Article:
The real stars of this game are its story and presentation. Hellblade: Senua’s Sacrifice is a well written, excellently presented, and exceptionally well acted portrayal of a person dealing with psychosis. It handles very weighty subject matter not just including mental illness, but trauma, religious zealotry, and abuse. It’s character driven, about how Senua must face her own personal demons represented as actual demons. There’s never an answer given as to whether what Senua is seeing is real or just figments of her damaged mind. It makes for a very interesting dilemma for the player. You can’t rely on Senua’s perception of events. As her quest goes on, she constantly struggles with her “darkness”. It not only manifests as the enemies you must fight, but visions and voices of her past and the people close to her. It is equal parts a well written and engaging character study, as well as an effective work of psychological horror.
There is genuinely frightening and violent imagery on display in the game. Enemy designs and depictions of the Norse deities are demonic and warped. The designs for Hela and Hel’s guardian Garmr are the most memorable. This ties into Senua’s trauma at the hands of Viking raiders, and the setting of the game. It is steeped in Norse mythology and the culture of the time.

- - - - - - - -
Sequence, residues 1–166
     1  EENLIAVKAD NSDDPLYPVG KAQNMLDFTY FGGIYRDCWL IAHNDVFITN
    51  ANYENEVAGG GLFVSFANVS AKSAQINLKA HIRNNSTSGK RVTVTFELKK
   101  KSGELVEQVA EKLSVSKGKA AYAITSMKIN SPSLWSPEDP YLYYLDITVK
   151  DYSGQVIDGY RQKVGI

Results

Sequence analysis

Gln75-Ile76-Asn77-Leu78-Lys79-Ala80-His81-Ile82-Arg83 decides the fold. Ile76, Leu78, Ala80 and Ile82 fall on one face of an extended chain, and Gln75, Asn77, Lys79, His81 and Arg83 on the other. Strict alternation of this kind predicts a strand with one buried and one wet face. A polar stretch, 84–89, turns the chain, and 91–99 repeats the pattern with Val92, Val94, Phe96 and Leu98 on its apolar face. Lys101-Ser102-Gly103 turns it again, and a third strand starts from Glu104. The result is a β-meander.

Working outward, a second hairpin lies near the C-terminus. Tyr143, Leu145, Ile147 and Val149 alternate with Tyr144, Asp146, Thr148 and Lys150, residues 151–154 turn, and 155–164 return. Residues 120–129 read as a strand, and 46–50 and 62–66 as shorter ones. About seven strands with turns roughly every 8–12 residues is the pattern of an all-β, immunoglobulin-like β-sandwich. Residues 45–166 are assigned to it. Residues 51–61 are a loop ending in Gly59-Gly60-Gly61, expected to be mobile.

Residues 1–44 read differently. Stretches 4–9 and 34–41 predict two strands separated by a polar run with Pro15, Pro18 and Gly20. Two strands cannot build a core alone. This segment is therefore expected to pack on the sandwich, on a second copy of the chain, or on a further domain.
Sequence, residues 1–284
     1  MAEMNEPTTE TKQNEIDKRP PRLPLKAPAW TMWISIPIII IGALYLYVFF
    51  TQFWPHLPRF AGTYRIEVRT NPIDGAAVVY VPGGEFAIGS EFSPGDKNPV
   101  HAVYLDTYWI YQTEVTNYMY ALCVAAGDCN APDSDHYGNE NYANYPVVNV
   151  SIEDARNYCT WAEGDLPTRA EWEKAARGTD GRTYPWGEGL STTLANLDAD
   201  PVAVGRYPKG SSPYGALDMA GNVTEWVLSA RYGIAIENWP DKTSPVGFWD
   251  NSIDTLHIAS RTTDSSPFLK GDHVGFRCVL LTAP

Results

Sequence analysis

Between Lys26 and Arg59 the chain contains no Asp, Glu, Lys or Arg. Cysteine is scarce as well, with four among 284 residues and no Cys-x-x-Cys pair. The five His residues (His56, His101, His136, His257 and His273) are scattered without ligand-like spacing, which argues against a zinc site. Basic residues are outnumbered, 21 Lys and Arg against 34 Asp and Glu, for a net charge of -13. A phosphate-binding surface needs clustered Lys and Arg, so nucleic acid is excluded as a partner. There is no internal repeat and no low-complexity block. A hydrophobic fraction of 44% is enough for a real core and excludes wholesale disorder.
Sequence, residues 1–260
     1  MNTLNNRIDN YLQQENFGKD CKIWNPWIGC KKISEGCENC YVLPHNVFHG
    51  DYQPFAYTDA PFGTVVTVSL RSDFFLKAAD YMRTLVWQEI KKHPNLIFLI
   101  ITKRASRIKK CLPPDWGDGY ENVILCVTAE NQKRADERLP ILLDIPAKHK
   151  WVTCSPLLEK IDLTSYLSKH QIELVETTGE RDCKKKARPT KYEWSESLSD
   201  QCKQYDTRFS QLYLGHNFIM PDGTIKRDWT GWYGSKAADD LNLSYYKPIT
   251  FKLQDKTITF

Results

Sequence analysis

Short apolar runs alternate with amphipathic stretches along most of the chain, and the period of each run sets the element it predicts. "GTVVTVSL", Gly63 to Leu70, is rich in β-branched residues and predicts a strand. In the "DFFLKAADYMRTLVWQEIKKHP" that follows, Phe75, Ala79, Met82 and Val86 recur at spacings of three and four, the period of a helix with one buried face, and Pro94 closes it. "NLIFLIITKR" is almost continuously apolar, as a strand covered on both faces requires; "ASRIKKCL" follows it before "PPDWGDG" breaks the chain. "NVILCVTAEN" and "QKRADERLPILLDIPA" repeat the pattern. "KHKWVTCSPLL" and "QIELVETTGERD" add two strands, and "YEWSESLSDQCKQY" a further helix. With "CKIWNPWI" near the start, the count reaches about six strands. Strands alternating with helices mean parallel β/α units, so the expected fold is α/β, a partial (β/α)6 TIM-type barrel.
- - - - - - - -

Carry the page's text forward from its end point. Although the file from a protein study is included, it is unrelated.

The word, dreaded perhaps by some, “cinematic” comes into mind when playing Hellblade. Senua is motion captured and voice acted superbly by Melina Juergens. It should be noted that this is the first time she has ever done either of these things. She wasn’t even meant to be the definitive choice to portray Senua, but she did such great work that they stuck with her. Every subtle and unsubtle expression on her face, and the movement of her eyes convey so much emotion without her saying a word. And when she does speak, boy does she manage to drip sorrow and rage, often at the same time with so much effectiveness. There are other characters who are also acted very well. The voice for Senua’s father is especially noteworthy, but I won’t get into specifics so as not to spoil his role. Cutscenes are expertly directed and animated, usually done as one long tracking shot by taking advantage of the over the shoulder perspective the game uses.